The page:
Experts also figured out that the overall dominance of the sea creature community in the Arctic was held by a single species, namely bryozoan. Therefore, this indicates that if future water temperature rises occur, this species will thrive. During the development of the study, the number of individuals of this species almost doubled in warmer conditions.
On the other hand, another study which was recently published in the Nature Climate Change magazine indicates some concerning results. Researchers who participated in this study noticed that many of the native marine creatures would not survive if a future ocean warming will occur. They argue that there will be more losers than winners when talking about the invertebrates populating the seas around Antarctica.
Even if some species from some areas may thrive, approximately 79% of the native species in the region will disappear. Huw Griffiths is the lead author of this study, a scientist from British Antarctic Survey (BAS), part of the Natural Environment Research Council (NERC) in Britain. He indicates that a few species may survive during the first decade of the warming period. Nevertheless, on the long run, the whole range of invertebrates including starfish and corals will die.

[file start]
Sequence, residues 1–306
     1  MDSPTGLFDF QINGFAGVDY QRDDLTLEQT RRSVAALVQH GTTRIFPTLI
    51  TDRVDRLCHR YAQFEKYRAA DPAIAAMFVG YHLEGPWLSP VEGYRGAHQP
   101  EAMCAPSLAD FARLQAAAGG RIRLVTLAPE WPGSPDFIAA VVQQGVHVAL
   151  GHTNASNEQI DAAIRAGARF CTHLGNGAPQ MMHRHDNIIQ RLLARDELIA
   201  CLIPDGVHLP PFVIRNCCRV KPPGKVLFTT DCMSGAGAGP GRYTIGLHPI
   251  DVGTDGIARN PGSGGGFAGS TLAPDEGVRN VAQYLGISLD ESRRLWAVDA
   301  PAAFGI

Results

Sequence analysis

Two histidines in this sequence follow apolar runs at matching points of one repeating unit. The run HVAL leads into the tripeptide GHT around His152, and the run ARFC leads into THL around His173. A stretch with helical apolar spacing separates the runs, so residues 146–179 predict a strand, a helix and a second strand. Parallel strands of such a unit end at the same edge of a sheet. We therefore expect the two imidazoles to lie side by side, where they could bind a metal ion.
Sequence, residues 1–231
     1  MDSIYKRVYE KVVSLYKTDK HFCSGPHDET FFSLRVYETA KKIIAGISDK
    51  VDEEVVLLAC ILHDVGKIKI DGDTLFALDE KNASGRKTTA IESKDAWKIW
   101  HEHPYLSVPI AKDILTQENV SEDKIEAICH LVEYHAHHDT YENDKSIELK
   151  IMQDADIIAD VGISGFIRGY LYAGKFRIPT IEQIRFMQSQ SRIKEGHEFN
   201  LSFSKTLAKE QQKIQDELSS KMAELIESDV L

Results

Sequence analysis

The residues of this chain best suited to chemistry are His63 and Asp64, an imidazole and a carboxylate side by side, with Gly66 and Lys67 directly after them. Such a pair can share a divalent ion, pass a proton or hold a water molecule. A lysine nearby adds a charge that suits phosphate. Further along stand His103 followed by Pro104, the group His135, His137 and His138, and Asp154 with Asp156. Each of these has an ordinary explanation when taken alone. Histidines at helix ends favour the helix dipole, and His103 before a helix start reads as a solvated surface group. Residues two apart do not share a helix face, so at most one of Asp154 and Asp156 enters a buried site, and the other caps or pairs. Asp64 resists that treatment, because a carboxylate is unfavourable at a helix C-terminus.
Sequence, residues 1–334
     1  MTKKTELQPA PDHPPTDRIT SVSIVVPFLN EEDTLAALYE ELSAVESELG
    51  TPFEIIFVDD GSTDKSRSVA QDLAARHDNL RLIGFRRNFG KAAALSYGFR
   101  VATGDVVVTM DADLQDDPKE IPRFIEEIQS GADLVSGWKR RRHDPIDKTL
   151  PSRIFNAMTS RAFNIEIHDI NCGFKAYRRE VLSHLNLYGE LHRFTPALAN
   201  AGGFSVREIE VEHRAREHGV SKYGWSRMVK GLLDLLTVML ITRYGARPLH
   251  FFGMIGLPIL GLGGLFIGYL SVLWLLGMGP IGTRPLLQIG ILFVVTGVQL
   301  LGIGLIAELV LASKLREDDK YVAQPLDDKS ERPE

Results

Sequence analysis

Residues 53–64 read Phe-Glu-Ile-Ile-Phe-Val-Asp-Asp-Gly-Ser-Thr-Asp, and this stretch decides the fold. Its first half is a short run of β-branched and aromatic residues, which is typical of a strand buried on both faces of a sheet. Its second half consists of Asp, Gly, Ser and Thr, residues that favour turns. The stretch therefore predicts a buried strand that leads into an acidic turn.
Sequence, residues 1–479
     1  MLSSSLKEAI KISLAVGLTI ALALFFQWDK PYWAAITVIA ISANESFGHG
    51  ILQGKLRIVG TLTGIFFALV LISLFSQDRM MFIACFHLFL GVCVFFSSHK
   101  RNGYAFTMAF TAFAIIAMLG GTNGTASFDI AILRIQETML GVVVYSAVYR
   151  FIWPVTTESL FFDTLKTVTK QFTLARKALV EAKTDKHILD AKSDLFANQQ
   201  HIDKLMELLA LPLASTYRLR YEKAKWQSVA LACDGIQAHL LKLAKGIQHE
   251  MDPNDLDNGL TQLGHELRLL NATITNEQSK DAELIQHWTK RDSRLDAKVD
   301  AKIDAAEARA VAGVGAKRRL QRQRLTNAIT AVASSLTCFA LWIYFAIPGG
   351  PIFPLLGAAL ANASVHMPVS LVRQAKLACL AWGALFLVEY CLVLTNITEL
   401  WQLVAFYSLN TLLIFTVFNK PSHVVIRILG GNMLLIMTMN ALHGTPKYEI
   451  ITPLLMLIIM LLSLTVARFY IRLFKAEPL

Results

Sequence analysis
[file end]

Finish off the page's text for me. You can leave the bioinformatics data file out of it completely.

Hundreds of marine species will be affected
He indicates that they will have no chance to migrate because they literally have no place to go since they live on the bottom of the most southerly ocean. Researchers decided to examine the potential distribution of more than 900 shelf-dwelling invertebrate species. They used computer models to develop a warming scenario.